Friday, August 03, 2012

Rollercoaster to Community

When I was growing up I had a sense, very early on, that I was different from other boys. I didn't have a word for it then, I just knew that I wasn't like them. Feeling set apart from peers, I think, is a fairly common experience. The separation that I found most painful, was from my family. Not a separation imposed by them in any overt way - but the separation that was caused by knowing that I was different and knowing, without question, that I could not voice that difference. Being gay means, for many, growing up "different" from one's own family. Separate. Set apart. Solitary.

There are those, within the disability community, that suggest that the gay community and the disabled community are twin communities. That both are born into families who would wish them different if they could. Please don't hit me with howls of outrage at this suggestion ... I said this once at a conference and a mother of a gay son attacked me with violence. She said she loved her boy and wouldn't wish him different. I asked her how she felt when she first found out - she said that that didnt' matter, what she felt now mattered. I respectfully disagreed. I know that most parents love their kids with disabilities and their gay kids but I also know that there's a bit more of a journey involved. The statement of 'wishing different' isn't a condemnation of parents, even though it might sound such.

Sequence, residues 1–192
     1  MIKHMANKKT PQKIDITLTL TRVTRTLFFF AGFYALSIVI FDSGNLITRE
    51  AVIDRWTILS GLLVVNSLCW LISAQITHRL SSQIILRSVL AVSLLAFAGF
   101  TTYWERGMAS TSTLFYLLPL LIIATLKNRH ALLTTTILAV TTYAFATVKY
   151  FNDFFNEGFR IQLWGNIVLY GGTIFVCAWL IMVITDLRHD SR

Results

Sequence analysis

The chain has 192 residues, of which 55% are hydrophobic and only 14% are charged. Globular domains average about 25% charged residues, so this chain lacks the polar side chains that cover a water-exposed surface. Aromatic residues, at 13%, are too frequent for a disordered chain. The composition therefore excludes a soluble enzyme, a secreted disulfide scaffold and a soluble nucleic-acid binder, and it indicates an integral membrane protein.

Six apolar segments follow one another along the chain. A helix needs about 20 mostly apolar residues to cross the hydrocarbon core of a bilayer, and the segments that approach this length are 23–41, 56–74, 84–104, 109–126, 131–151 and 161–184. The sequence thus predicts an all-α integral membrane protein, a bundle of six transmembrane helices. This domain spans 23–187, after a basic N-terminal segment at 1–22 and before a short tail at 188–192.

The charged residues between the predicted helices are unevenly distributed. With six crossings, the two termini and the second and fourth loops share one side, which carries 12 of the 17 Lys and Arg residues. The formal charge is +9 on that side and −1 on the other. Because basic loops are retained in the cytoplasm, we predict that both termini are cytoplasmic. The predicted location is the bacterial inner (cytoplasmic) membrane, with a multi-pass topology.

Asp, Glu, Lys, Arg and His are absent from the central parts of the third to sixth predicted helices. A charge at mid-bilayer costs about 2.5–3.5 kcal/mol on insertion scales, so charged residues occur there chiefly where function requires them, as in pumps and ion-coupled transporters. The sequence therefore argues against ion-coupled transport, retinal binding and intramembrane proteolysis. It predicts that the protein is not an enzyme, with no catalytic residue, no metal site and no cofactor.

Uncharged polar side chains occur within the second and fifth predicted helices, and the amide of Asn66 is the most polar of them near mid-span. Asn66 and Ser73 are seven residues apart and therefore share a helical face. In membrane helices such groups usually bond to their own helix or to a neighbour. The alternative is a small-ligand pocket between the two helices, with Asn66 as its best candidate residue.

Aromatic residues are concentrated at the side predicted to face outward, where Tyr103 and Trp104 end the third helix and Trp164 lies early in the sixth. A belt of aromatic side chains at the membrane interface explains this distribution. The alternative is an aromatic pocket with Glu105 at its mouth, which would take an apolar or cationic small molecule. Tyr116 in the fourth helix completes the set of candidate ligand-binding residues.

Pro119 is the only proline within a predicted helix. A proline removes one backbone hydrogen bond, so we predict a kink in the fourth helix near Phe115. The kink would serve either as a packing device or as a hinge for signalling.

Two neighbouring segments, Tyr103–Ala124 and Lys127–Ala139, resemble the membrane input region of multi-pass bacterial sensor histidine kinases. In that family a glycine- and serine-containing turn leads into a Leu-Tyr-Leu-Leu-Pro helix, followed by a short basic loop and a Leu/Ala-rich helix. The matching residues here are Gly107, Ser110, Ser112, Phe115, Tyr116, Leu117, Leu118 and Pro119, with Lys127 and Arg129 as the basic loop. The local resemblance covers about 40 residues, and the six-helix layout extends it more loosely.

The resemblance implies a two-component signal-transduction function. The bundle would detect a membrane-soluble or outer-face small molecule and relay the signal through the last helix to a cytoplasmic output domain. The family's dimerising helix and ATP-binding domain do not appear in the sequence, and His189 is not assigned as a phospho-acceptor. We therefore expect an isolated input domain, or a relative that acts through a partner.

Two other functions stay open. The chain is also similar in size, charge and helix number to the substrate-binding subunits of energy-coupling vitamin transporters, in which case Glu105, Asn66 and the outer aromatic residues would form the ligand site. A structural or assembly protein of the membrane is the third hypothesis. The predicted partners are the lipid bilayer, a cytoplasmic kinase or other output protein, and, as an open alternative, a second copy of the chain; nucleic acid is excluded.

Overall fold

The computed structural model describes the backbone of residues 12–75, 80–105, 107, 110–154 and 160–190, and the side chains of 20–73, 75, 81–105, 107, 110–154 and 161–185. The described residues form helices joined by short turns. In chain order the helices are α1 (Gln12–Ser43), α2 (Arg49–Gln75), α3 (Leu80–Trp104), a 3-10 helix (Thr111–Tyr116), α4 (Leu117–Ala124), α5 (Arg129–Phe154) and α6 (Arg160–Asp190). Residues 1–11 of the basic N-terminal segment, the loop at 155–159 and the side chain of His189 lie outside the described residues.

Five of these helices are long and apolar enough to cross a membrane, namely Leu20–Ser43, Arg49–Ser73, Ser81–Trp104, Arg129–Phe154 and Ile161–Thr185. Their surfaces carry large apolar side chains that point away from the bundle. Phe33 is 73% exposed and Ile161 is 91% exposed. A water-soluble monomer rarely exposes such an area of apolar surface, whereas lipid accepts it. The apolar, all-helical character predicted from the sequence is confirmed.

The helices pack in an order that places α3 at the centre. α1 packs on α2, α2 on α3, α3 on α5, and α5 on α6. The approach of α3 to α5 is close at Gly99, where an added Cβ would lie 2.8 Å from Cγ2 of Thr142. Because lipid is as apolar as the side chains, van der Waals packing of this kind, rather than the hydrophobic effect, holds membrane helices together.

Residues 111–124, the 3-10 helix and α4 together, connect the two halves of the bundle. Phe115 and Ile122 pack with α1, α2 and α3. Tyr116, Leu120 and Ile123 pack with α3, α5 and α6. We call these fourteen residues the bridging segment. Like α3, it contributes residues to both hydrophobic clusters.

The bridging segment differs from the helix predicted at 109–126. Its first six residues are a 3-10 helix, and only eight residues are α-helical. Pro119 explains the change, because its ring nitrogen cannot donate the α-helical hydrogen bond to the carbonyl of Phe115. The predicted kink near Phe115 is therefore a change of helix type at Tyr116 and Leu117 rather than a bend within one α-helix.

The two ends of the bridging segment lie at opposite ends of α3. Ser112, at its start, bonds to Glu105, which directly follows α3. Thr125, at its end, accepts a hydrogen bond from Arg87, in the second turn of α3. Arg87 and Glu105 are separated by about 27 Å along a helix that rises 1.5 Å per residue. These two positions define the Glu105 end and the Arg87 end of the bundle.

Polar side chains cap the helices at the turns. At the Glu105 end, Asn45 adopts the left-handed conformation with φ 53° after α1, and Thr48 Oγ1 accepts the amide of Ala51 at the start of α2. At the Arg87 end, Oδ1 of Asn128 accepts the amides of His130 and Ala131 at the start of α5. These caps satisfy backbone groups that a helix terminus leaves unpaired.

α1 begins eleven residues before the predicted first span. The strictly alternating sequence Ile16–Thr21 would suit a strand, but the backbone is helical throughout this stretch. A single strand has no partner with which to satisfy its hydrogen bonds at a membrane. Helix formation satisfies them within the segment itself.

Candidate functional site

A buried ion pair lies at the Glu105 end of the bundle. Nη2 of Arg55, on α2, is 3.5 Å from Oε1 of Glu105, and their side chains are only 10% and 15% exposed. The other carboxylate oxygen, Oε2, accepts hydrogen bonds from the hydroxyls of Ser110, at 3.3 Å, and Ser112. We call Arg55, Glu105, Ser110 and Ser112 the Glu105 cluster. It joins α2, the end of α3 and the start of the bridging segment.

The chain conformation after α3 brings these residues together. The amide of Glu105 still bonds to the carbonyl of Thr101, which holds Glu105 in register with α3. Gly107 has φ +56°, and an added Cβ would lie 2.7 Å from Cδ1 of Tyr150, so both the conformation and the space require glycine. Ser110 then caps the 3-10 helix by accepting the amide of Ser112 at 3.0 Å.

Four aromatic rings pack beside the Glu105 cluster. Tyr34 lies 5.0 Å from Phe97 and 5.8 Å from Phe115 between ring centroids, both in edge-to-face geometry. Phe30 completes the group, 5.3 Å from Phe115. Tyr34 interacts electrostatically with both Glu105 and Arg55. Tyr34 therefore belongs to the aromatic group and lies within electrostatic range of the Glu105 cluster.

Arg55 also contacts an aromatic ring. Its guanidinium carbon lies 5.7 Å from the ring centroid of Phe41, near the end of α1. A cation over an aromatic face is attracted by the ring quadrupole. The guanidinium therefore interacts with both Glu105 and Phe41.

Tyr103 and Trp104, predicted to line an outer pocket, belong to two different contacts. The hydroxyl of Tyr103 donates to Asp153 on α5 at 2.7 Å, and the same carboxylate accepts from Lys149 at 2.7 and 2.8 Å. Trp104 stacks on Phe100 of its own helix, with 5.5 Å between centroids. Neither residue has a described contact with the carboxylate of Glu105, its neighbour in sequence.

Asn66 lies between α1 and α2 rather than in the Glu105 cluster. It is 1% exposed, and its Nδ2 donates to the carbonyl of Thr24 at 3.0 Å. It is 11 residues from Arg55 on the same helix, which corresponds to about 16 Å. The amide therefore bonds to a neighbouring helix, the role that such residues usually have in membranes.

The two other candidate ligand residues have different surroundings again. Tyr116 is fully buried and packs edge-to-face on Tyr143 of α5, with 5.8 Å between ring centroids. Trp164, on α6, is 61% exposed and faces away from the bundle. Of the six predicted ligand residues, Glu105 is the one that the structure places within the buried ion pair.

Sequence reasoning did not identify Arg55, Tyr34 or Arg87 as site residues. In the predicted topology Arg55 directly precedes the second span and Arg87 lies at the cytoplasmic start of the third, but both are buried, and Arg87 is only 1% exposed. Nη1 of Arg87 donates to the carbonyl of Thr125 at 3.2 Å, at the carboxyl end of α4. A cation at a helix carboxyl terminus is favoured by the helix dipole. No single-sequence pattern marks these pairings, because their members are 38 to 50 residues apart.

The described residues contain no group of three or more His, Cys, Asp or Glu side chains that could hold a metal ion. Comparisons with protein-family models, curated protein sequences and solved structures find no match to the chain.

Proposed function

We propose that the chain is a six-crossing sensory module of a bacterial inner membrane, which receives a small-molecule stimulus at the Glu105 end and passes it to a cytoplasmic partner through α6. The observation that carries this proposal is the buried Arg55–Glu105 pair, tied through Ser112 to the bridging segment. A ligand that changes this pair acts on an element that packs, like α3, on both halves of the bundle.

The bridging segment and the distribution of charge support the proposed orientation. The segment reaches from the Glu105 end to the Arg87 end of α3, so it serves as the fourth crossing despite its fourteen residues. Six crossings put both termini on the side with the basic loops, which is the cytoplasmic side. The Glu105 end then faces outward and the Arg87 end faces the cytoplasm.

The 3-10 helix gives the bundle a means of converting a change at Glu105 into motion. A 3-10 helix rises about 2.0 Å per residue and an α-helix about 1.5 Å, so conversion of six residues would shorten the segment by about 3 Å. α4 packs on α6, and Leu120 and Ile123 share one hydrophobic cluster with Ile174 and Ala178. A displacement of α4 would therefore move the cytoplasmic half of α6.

When I first read, and I wish I could remember which academician with a disability wrote about the 'twin communities' so I could give her credit here, I was deeply moved as it spoke to my experience of experiencing an isolation that dare not speak it's name. I think this is why when Joe and I first moved to Toronto we lived in the heart of the gay community, we went only to gay bars, read only gay novels, interacted socially primarily with gay people. I remember the first time I took Joe to a work event, having decided that 'out' was better than 'in' .. and he said about meeting my straight co-workers, "What do you talk to them about?" He was only partially joking, at that point in our lives we were marinating in gay culture, trying to soften up after years and years and years and years of isolation.